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Classroom Choreography: The Art of Scheduling Staff and Students

Contributed By Kara Hume

Determining educational placements for students with autism spectrum disorders (ASD) is challenging, as those involved attempt to balance philosophical beliefs, legal requirements, evidence-based practices, and the individualized needs of each student. Though successful and meaningful involvement in general education settings is often the ultimate goal and a socially important aim for parents and professionals, many students with ASD are served in more restrictive settings on the service continuum. Due to the heterogeneity of students on the autism spectrum, the level and intensity of services required, the desire for individualized intervention, or the lack of community support for inclusive placements, students with ASD may be educated partially or completely in special education settings.

It is likely that in more segregated settings, in an effort to ensure a low student to staff ratio, that a number staff members, including teachers, therapists, and paraprofessionals, will interact with the students. As the number of paraprofessionals working with students with ASD continues to rise (French, 2003), teachers are faced with the challenging task of coordinating the varied schedules of numerous staff members, as well as their students. Recent statistics show that 75% of special educators supervise one or more paraprofessionals (French, 2001), while receiving little training in the management or organization of additional classroom staff. As staff numbers grow, the role of classroom teachers shift to that of a “planner, director, monitor, coach, and program manager” (French, 1999, p. 70).

The role of a supervisor may be overwhelming to teachers in the autism field, as they struggle to meet the complex needs of their students, facilitate effective inclusive programming, respond to the requests of families and administrators, and attempt to stay informed of empirically validated educational practices. In balancing these demands, providing daily instruction, guidance and direction to classroom staff may not be prioritized or feasible. Giangreco and Broer (2005) found that paraprofessionals received less than 2% of a special educator’s time in training, supervision, or professional guidance.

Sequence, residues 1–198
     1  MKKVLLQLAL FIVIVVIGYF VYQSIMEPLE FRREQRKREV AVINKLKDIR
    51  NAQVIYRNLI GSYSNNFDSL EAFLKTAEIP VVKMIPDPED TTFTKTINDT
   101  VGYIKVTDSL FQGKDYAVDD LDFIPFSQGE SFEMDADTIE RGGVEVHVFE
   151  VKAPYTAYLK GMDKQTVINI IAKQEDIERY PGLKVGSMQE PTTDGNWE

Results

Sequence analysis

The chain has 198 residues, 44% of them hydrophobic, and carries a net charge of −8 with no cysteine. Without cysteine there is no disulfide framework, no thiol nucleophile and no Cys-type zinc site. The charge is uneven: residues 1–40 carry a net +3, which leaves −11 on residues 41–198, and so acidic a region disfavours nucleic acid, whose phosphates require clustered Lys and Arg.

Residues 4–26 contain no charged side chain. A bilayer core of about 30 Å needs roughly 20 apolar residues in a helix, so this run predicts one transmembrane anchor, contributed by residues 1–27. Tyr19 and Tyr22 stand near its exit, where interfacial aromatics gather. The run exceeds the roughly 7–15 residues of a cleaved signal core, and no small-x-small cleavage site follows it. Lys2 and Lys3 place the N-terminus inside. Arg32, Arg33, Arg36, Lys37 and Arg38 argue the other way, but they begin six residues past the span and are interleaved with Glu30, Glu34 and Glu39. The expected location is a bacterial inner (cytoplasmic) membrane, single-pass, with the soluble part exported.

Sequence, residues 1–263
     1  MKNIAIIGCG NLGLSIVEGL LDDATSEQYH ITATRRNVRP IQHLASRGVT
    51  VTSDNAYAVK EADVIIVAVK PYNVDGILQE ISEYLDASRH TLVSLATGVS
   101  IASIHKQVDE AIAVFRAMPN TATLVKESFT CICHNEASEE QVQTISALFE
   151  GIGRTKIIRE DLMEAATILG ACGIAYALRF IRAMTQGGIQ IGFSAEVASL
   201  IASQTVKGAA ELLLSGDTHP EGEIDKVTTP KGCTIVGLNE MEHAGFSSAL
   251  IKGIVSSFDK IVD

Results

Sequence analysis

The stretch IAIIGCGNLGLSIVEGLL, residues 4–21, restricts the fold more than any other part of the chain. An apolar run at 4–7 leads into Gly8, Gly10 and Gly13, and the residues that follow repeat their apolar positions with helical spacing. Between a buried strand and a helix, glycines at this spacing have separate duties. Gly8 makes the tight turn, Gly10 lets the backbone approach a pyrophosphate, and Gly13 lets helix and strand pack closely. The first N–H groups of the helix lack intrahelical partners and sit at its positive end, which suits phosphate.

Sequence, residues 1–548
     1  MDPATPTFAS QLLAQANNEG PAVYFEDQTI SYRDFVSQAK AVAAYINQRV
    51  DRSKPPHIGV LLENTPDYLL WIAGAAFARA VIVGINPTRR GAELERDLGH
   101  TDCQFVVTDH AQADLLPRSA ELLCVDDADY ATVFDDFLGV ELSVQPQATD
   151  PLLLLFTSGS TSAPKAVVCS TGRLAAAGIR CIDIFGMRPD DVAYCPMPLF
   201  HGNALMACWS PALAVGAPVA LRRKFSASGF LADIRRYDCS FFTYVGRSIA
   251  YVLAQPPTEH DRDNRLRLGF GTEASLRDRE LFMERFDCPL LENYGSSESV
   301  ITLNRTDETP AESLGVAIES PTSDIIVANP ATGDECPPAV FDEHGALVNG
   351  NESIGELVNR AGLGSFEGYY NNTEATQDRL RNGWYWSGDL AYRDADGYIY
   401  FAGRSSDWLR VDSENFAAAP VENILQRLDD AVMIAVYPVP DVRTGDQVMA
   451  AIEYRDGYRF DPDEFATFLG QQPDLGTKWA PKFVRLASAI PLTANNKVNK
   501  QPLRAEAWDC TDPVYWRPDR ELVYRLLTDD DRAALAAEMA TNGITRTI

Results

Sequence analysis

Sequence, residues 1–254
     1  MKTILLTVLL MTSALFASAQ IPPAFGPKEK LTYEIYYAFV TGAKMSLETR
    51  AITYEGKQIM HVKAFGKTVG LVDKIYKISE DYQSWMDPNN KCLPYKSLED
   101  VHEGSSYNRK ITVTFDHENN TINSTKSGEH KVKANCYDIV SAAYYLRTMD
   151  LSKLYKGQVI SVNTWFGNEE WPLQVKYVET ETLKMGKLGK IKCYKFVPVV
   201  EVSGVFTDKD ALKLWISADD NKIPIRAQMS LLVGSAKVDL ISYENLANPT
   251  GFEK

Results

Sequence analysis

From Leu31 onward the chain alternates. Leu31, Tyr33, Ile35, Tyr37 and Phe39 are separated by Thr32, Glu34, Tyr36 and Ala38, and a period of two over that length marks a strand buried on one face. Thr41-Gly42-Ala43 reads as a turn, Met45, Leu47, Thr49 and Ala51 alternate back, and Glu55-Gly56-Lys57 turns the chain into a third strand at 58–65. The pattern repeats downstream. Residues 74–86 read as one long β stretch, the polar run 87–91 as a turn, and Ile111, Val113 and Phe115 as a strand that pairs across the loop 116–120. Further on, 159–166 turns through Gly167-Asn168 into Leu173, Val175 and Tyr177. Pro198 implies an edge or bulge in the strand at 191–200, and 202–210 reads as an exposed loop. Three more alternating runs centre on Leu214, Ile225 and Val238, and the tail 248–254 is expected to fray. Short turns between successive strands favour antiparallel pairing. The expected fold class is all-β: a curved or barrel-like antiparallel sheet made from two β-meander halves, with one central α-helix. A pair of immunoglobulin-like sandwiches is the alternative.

One solution to the coordination and supervision challenge is the use of schedules for both staff members and students. The use of schedules for students and educational personnel contributes to the development of a structured and comprehensible classroom environment—a vital component of effective programming for students with ASD (Iovannone, Dunlap, Huber, & Kincaid, 2003). Providing an overall schedule for adults and students allows all classroom members to predict what is currently happening and what will happen next. This overall schedule outlines the events of the day, lets teachers know who they are responsible for, and how staff members are being used. The framework outlines who, what, where, and when.

The first step in designing this framework is to plan the schedules of the individual students. While this process may be time intensive initially, it will greatly reduce the supervisory challenges throughout the school year. The South Carolina Department of Disabilities and Special Needs developed seven steps to utilize when planning an individual’s schedule (Boswell, Braswell, & Wade, 1997).